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Epsilon Pegasi – Star Facts

- 13 February 2020

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Epsilon Pegasi is also known as Enif from the Arabic word meaning ‘nose’, due to its position in the Pegasus constellation. Historically this star was referred to by other names in other cultures. Its traditional name is derived from Fom al Feras, which is Latinised to Os Equi. In the Asian culture this star is called Wei Su, meaning ‘Rooftop’ in reference to Pegasus.

Epsilon Canis Majoris – Star Facts

- 29 January 2020

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Epsilon Canis Majoris is also known as Adhara, an Arabic word meaning ‘virgins’. It’s the second brightest star in Canis Major and 24th overall in the night sky. However, 4.7 million years-ago Adhara was actually the most luminous in the sky. No other star has ever been this bright, nor is one expected to be for at least five million years.

Epsilon Boötis – Star Facts

- 24 January 2020

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Epsilon Boötiis is also known as Izar from the Arabic word meaning ‘veil’ and Pulcherrima which is Latin for ‘the loveliest’. In 1973 a Scottish astronomer and science fiction writer, Duncan Lunan, said he interpreted a message from the 1920s probe orbiting the Moon. He claimed the message was sent to the probe from the inhabitants of a planet orbiting Epsilon Bootis.

Denebola – Star Facts

- 15 January 2020

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Denebola is from the Arabic language meaning, ‘the lion’s tail’, which is in the constellation of Leo. In the Ancient Chinese culture, their astronomers gave Denebola the first star designation in the five-star asterism ‘Seat of the Five Emperors’. In astrology, Denebola was believed to bring misfortune and disgrace. It’s also 15 times brighter than the Sun.

Deneb – Star Facts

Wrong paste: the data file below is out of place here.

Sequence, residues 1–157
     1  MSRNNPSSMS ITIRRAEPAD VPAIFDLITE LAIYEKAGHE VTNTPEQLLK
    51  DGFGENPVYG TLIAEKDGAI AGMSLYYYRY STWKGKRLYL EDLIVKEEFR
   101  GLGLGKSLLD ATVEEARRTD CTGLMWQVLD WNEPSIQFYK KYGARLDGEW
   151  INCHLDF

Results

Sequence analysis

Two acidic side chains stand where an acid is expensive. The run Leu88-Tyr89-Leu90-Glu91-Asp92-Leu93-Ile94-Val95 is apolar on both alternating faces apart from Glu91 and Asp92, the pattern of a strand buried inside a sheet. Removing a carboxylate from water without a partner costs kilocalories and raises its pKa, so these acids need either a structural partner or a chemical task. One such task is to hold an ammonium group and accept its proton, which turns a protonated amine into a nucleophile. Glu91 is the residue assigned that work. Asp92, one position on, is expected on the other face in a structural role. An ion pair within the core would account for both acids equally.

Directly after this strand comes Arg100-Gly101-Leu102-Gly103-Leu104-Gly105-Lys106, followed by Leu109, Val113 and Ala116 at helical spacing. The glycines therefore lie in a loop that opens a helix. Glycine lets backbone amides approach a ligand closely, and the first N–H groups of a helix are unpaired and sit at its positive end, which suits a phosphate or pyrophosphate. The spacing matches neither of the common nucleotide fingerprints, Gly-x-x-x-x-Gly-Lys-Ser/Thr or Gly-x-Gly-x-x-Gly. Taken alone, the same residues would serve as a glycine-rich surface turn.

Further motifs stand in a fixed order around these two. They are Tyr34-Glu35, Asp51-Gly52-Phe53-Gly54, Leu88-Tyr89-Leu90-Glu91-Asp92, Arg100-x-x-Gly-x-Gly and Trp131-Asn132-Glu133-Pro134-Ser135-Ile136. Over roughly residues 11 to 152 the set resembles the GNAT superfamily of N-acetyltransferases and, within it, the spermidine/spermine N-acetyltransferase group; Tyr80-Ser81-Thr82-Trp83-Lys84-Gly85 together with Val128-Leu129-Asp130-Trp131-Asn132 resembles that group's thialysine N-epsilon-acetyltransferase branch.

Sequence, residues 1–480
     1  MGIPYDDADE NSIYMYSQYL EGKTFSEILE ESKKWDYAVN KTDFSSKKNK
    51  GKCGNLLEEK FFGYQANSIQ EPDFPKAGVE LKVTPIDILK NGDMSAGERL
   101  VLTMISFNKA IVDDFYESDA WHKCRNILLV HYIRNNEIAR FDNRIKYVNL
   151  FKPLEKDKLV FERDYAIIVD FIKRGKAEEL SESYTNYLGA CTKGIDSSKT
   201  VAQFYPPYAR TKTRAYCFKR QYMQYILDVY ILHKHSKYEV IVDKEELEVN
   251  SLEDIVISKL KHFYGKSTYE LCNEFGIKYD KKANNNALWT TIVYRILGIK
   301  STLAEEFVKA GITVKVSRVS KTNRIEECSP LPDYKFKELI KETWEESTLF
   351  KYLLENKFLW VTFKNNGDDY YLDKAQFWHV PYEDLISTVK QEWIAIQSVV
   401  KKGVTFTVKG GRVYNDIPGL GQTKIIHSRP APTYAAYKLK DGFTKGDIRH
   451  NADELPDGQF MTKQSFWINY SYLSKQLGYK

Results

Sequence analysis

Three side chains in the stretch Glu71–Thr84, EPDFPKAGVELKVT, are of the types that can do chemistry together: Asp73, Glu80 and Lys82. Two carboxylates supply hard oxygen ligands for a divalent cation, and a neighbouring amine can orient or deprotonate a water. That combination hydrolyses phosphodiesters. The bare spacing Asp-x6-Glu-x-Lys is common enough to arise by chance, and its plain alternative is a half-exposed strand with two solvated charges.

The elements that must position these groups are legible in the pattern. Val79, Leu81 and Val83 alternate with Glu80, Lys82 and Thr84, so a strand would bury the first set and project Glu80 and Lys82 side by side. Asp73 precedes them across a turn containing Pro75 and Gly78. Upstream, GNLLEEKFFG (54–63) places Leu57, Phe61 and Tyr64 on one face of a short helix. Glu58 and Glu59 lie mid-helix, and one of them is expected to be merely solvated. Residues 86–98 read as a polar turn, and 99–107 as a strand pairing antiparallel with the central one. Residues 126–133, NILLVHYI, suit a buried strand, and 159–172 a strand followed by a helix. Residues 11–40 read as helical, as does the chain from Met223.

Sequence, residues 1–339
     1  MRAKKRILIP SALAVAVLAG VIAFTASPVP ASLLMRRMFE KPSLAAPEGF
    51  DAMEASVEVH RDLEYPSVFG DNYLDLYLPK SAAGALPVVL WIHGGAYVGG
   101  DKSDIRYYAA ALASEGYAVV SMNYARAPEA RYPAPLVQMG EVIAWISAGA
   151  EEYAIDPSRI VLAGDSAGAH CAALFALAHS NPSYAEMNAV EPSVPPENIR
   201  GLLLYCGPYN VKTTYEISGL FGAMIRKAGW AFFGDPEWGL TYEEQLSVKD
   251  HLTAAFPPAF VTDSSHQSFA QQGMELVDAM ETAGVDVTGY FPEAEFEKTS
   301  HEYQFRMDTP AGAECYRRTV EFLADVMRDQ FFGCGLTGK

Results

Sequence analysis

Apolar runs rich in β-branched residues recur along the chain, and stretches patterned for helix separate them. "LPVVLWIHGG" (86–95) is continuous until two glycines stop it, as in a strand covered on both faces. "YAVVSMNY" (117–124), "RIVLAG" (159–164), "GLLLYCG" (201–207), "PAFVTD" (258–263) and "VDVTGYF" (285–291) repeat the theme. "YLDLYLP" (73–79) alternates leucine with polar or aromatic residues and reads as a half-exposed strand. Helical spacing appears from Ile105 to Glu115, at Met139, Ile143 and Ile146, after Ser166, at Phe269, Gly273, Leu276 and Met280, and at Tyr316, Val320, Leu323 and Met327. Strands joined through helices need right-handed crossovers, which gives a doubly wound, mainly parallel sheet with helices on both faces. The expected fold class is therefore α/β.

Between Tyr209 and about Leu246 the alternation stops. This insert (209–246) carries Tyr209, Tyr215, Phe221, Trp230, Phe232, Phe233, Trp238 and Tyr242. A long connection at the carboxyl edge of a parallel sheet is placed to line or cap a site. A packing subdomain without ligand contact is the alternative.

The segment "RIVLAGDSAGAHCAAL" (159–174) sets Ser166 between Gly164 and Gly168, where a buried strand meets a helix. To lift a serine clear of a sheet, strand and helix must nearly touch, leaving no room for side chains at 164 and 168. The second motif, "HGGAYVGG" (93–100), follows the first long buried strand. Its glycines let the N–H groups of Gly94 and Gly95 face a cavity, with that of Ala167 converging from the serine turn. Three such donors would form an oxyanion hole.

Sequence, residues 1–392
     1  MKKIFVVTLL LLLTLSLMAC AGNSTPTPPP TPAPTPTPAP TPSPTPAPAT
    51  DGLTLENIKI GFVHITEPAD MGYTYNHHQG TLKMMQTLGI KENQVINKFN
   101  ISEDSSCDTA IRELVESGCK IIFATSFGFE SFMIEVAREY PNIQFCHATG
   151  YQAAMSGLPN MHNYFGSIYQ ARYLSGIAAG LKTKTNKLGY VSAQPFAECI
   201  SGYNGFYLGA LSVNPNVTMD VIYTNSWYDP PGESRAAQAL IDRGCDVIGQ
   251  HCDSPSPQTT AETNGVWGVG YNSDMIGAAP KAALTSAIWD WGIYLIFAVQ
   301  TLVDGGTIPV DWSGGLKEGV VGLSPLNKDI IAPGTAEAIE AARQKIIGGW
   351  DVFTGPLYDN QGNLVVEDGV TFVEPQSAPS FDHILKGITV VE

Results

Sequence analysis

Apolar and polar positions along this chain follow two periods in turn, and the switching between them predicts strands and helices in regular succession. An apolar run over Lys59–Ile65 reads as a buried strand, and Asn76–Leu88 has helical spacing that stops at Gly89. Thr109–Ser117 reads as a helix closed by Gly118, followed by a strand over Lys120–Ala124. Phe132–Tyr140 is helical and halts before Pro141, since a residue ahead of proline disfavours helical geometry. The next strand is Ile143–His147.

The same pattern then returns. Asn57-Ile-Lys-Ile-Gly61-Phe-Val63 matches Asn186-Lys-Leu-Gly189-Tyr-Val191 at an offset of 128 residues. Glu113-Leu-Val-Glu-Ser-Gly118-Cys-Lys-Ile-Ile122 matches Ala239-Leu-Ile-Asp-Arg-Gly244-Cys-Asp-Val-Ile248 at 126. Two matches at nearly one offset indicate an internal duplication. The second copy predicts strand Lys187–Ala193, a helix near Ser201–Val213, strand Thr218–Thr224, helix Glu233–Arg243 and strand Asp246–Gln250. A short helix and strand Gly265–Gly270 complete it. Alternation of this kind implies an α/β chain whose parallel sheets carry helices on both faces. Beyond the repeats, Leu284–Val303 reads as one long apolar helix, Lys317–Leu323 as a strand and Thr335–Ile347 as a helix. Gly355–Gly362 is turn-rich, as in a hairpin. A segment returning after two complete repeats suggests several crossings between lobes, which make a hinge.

- 8 January 2020

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Deneb is from the Latin language meaning ‘tail’, and is one of the largest white stars known today. It is also called Alpha Cygni and is a blue-white supergiant with 20 solar masses and 200 times the radius of the Sun. After a few million years Deneb’s core will collapse producing a supernova. In Chinese mythology Deneb is the bridge of magpies a Princess crosses.

Castor – Star Facts

- 23 December 2019

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Castor is from the Latin language meaning ‘beaver’. Castor is actually made up of six stars with three pairs of binary stars being all gravitationally bound to each other. The mythology surrounding Castor dates back to the early Greeks. They believed that Castor and his brother, Pollux were ‘half’ twins. The boys were also alleged to have sailed with Jason and the Argonauts.

Capella – Star Facts

- 16 December 2019

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Capella is a four-star system made up of two pairs of binary stars. Historically and mythologically, Capella is a bit of a mystery. Richard Hinkley Allen from Star Names tells us the ancient Arabs referred to Capella as ‘the Driver’ or a shepherd driving his flock of sheep across the night sky with the nearby Pleiades being construed as large animals.

Canopus – Star Facts

- 9 December 2019

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Canopus is suspected to be nearing the end of its life cycle even though it is considerable young. Its mass is 65 times that of the Sun and shines with the luminosity of 14,000 suns. In fact, this star is so large if it were placed in the middle of the solar system it would reach 90 percent of the way to Mercur.